- Melanoma - 5% of all skin cancers. Melanoma is a rare but very dangerous type of skin cancer. It is the leading cause of death from skin disease.
Skin cancers vary in shape, color, size and texture, so any new, changed or otherwise suspicious growths or rashes should be examined immediately by a physician. Early intervention is essential to preventing the cancer from spreading.
Spider veins, or telangiectasias, are small, thin, blood vessels visible beneath the skin. They appear most commonly on the face and legs and may look like a series of lines, tree branches, or a spider- or web-like shape with a dark center. It is estimated that they affect nearly half of adult women in the U.S.
Spider veins are caused by a variety of factors, including heredity, pregnancy (and other conditions that involve changes in hormone levels), weight gain, long periods of standing, and certain medications. They often appear red or blue, and because they form on the face, thighs, calves and ankles, many patients are bothered by the way they look. Others seek medical treatment for uncomfortable symptoms such as aching, burning, swelling and cramping. The standard treatments for spider veins are sclerotherapy and laser or pulsed light treatments.
Sun damage can affect any area of your skin as a result of long-term exposure to the ultraviolet (UV) rays of the sun. Sun damage most commonly occurs on the face, hands and arms, and may lead to sun spots.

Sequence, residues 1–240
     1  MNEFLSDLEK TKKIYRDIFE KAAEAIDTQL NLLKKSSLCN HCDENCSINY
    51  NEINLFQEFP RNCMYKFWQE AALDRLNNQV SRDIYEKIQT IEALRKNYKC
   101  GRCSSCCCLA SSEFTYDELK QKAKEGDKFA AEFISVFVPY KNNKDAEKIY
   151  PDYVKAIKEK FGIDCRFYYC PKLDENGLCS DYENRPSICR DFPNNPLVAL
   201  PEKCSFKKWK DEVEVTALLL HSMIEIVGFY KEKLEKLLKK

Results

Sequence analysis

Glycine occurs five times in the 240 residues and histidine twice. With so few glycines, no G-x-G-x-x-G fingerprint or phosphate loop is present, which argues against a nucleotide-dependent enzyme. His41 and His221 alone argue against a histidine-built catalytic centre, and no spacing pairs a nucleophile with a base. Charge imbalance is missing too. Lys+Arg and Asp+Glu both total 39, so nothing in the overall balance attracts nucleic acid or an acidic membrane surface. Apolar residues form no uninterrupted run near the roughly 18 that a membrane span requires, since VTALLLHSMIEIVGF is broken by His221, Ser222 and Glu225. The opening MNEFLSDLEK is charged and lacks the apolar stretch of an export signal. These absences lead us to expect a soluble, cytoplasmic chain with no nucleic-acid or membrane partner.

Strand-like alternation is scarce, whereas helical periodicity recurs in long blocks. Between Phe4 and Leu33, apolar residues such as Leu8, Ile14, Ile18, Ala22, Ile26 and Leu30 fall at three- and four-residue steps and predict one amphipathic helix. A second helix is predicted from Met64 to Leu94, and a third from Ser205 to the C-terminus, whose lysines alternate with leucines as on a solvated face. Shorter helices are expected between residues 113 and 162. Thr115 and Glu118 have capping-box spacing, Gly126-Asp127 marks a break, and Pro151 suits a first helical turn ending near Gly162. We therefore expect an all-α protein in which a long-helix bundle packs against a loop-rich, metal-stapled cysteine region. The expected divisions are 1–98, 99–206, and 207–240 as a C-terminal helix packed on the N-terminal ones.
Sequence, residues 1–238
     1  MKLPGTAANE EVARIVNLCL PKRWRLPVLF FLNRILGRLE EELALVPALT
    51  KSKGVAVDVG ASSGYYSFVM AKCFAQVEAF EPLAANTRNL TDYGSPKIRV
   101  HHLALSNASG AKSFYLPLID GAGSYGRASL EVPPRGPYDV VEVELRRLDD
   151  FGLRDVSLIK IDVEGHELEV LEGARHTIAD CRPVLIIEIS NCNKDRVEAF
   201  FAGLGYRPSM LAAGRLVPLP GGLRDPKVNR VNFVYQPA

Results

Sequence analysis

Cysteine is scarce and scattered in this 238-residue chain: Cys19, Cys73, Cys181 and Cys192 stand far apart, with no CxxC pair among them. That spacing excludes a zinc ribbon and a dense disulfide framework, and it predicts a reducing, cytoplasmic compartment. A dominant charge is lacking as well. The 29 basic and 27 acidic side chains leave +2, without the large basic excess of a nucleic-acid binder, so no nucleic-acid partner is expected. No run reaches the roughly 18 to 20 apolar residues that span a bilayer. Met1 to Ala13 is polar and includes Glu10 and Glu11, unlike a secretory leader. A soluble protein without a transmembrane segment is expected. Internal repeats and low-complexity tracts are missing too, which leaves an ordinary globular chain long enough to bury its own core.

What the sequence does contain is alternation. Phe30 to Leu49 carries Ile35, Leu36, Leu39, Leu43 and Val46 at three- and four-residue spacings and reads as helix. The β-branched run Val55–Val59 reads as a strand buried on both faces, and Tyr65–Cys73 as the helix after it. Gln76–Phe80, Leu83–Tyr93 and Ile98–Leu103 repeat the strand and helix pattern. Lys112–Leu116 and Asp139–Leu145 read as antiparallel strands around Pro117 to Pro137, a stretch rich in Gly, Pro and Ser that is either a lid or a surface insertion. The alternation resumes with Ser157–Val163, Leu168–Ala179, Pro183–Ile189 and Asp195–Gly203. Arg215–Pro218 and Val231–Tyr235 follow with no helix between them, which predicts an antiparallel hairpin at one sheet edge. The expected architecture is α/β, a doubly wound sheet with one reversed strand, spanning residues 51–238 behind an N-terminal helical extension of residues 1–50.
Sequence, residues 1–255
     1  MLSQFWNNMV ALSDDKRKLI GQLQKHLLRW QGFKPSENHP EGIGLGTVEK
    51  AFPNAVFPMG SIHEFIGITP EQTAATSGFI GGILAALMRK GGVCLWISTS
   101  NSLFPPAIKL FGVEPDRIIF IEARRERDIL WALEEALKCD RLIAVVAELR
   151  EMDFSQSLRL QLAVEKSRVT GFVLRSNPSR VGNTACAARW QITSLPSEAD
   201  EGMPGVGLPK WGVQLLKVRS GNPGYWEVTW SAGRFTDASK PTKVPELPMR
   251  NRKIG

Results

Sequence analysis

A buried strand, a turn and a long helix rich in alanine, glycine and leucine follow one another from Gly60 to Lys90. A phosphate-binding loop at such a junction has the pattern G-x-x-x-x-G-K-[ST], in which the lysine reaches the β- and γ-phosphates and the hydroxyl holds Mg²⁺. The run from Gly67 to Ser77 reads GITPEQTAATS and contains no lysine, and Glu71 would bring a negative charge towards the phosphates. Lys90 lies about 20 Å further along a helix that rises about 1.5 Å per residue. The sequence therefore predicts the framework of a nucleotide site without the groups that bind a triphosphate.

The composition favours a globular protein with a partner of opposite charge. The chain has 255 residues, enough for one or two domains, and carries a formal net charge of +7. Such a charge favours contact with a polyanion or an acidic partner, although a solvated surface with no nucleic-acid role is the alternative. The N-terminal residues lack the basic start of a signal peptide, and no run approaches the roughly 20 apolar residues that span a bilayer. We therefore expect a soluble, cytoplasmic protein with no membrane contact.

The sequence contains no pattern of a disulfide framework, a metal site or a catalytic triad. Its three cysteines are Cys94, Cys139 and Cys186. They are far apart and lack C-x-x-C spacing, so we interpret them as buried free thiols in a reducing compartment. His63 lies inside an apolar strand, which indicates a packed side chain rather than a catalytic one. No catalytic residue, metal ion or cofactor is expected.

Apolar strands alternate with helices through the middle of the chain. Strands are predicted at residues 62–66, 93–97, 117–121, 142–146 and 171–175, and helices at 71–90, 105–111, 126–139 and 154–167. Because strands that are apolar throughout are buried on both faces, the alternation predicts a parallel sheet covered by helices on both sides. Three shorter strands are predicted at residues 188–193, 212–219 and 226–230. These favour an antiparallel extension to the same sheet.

The best treatment against sun spots is preventing it from occurring in the first place. It is important to wear sunscreen lotion on a daily basis and avoid excessive exposure to the sun, especially during mid-day hours when the sun is strongest. Existing sun spots can be treated through skin procedures like chemical peels, microdermabrasion and intense pulsed light therapy.
Warts are skin growths caused by viruses. Different warts respond to different treatments; some go away on their own. Salicylic acid products (in the form of drops, gels, pads and bandages) can help self-treatment of many warts by dissolving the keratin protein that makes up the wart and the dead skin above it. Others can be removed via liquid nitrogen freezing or electrical stimulation. Surgery may be recommended for painful or large warts that do not respond to these treatments.
Molluscum contagiosum is a chronic skin infection caused by a virus. It's quite common among children, and is usually spread by touching an affected area on a person infected with the virus. The virus can also be transmitted through sexual contact. Molluscum causes painless, raised papules or nodules on the skin that look like pink pearls. They appear most often on the face, neck, arms, hands and chest, although they may appear nearly anywhere on the body, including the groin. The growths are often indented in the center and have a firm, waxy core. Scratching can spread the infection, leading to lines or clusters of lesions on the skin.
Patients with healthy immune systems generally find that molluscum contagiosum clears on its own within six to 18 months. Patients should try not to scratch the papules, or else they risk scarring and bacterial infection. If necessary, our doctors can remove individual lesions.
To learn more about our Medical Dermatology Services, please contact us at (703) 327-3173 today to schedule an appointment.